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Responding to mounting criticism of the Justice Department’s decision to spy on journalists, President Obama ordered a review of the procedures of investigating reporters, The New York Times reports.
Among the concerns, Obama said, is the potential for the probes to discourage investigative reporting.
“Journalists should not be at legal risk for doing their jobs,” Obama said in a wide-ranging address on counterterrorism policy Thursday. “Our focus must be on those who break the law.”
Obama asked Attorney General Eric Holder to review the issue and return with results by July 12.
Not much is known about the janitor charged Thursday with sending ricin-laced to a federal judge in Washington state.
According to the Washington Post, Matthew Ryan Buquet is a short, balding 37-year-old and a registered sex offender.
“He sticks to himself,” Scott Ward, who lives across the hall from Buquet’s apartment, told the Washington Post. “He doesn’t talk, really. He’s kind of quiet.”
Buquet became a registered sex offender after being convicted in 1998 of molesting a 10-year-old girl. He also served 18 months in prison.
Abdulbaki Todashev says his son loved life in America and would never kill anyone.
His son, Ibragim Todashev, was fatally shot in his Orlando apartment by an FBI agent while being questioned about his ties to Boston bombing suspect Tamerlan Tsarnaev.
“I absolutely refuse to believe my son could have attacked a policeman, to be quite correct, several policemen,” he said Thursday in a telephone interview with The Los Angeles Times Chechnya.
The FBI, he insisted, “killed him for nothing.”
But federal authorities believe Ibragim Todashev may have been involved in a triple shooting with Tsaraev prior to the marathon bombing.
WASHINGTON -- Attorney General Eric Holder signed off on a controversial search warrant that identified Fox News reporter James Rosen as a “possible co-conspirator” in violations of the Espionage Act and authorized seizure of his private emails, a law enforcement official told NBC News on Thursday.
The disclosure of the attorney general’s role came as President Barack Obama, in a major speech on his counterterrorism policy, said Holder had agreed to review Justice Department guidelines governing investigations that involve journalists.
“I am troubled by the possibility that leak investigations may chill the investigative journalism that holds government accountable,” Obama said. “Journalists should not be at legal risk for doing their jobs.”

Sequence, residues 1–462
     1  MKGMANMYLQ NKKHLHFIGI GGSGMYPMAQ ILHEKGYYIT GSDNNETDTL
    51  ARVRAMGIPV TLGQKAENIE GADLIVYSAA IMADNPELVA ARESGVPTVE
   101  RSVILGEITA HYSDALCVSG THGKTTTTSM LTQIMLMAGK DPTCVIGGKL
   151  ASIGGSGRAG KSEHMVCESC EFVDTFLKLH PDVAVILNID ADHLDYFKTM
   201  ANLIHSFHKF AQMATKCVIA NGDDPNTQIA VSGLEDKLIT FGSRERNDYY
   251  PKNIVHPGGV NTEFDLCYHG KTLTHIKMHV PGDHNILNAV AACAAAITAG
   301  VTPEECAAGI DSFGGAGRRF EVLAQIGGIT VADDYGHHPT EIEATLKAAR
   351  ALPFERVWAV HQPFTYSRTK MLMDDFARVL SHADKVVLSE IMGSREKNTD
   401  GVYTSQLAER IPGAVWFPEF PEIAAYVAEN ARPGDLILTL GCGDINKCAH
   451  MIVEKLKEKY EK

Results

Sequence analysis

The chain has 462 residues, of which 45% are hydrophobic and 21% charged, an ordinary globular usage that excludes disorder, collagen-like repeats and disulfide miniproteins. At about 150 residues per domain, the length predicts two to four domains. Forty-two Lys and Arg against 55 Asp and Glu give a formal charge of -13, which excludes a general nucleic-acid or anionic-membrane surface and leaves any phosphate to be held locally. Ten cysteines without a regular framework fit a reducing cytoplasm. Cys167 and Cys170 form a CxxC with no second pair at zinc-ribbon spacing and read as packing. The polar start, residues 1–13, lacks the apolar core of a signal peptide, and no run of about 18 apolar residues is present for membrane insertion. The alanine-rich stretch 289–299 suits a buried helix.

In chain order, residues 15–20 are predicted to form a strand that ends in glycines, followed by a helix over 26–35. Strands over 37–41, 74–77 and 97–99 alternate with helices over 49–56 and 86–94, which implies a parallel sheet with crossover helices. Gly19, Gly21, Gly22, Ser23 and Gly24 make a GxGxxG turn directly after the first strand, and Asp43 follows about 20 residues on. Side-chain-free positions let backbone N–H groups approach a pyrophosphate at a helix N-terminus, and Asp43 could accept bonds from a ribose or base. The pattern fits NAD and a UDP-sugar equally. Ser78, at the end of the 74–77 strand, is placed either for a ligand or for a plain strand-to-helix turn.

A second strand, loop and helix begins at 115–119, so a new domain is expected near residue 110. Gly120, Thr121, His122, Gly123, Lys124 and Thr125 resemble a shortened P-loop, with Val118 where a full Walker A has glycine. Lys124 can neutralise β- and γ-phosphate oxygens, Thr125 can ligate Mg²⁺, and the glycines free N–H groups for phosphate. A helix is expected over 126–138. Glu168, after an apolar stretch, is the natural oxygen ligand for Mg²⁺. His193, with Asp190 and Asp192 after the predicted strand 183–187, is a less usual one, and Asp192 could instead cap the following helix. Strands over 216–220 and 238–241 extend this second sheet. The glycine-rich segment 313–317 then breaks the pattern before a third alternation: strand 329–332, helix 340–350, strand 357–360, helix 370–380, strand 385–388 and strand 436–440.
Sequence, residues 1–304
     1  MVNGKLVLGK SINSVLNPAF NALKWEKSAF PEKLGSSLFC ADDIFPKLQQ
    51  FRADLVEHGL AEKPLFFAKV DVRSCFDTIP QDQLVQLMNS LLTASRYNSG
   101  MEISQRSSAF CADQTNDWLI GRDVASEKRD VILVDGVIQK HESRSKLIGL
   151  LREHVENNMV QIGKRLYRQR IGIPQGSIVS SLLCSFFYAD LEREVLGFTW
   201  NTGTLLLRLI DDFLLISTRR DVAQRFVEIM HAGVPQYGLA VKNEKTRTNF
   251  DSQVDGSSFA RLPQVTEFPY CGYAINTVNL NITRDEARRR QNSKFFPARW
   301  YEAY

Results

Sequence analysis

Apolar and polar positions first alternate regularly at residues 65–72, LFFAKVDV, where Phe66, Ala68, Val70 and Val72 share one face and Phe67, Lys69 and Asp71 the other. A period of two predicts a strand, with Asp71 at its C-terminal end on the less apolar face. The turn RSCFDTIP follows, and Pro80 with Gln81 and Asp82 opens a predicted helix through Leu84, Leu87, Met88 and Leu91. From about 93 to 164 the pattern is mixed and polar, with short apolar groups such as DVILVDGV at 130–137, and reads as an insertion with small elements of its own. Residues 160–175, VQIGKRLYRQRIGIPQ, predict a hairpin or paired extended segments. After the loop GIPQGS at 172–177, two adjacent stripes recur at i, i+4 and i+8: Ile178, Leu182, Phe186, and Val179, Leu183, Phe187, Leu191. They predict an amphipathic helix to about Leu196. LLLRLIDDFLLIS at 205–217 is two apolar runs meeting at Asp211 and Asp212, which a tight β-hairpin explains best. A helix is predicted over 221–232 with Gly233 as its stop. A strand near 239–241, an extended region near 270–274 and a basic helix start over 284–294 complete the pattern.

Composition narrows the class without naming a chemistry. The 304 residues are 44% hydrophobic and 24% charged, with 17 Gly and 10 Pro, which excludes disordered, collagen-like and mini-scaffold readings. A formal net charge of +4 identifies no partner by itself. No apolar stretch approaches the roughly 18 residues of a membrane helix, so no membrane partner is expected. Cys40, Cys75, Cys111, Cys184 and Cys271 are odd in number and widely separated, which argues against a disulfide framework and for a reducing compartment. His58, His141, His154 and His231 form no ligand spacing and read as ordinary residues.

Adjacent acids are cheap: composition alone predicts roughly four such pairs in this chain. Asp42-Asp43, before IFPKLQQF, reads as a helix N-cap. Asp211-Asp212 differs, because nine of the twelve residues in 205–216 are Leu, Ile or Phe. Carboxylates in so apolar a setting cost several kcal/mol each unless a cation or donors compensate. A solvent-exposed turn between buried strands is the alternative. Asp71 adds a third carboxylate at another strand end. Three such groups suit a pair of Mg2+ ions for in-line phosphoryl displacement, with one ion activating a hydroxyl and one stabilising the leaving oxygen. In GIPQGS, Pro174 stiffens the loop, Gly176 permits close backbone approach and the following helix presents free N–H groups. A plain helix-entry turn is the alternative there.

Rosen, who has not been charged in the case, was nonetheless the target of a search warrant that enabled Justice Department investigators to secretly seize his private emails.
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DETROIT — Ex-Detroit Mayor Kwame Kilpatrick, clad in a tan, khaki prison outfit, entered the federal courtroom in handcuffs and with a smile Thursday morning. He left about 40 minutes later, escorted in handcuffs and with a new court appointed attorney.
Kilpatrick, who was uncuffed during the proceedings, appeared before U.S. District Judge Nancy G. Edmunds to ask to fire attorney James Thomas.
Edmunds agreed and appointed veteran attorney Harold Gurewitz, a former federal prosecutor who had assisted part time in Killpatrick’s defense during trial. Kilpatrick complained that Thomas hadn’t assisted him in motions and hadn’t represented him well during trial.
“I like Harold,” Kilpatrick said, standing at the podium, Gurewitz and Thomas by his side.
It was Kilpatrick’s first court appearance since being convicted March 11 of 24 public corruption and tax counts in one of the sadder Detroit tales in recent years involving a high-profile figure. He’s been in prison in Milan ever since, awaiting sentencing, just like his co-defendant Bobby Ferguson.
His father Bernard Kilpatrick, who was convicted of tax counts in the trial, sat in the gallery. He is the only one of three defendants free pending sentencing.
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DETROIT – Prosecutors want disgraced ex-Supreme Court Justice Diane Hathaway to serve time behind bars for bank fraud.
In a sentencing memorandum filed Thursday in federal court, the U.S. Attorney’s office recommended that Hathaway serve 12 to 18 months under the sentencing guidelines. Sentencing is set for Tuesday at 2 p.m. in U.S. District Court in Ann Arbor.
“Such a sentence would serve to adequately punish the defendant for her methodical, thoughtful, and sophisticated criminal conduct that spanned over two years and caused approximately $100,000 in losses to a financial institution,” Assistant U.S. Attorneys Daniel L. Lemisch and Patrick Hurford wrote. “In addition, this sentence would deter the defendant and others from future criminal conduct and, in particular, economic crime.”
Hathaway, 58, pleaded guilty in January to a real estate scheme in which she transferred properties out of her name to make it look as if she had less assets, all so she could get a short sale on her Grosse Pointe Park home and get out of $600,000 she owed the bank, ING Direct. The original mortgage was $1.4 million and the home was sold for $800,000 in the short sale.
Under the short sale, the loss to the bank was approximately $100,000, according to the government. The government noted that she did bring $10,000 to the closing for the short sale as a closing fee, bringing the actual loss to $90,000.
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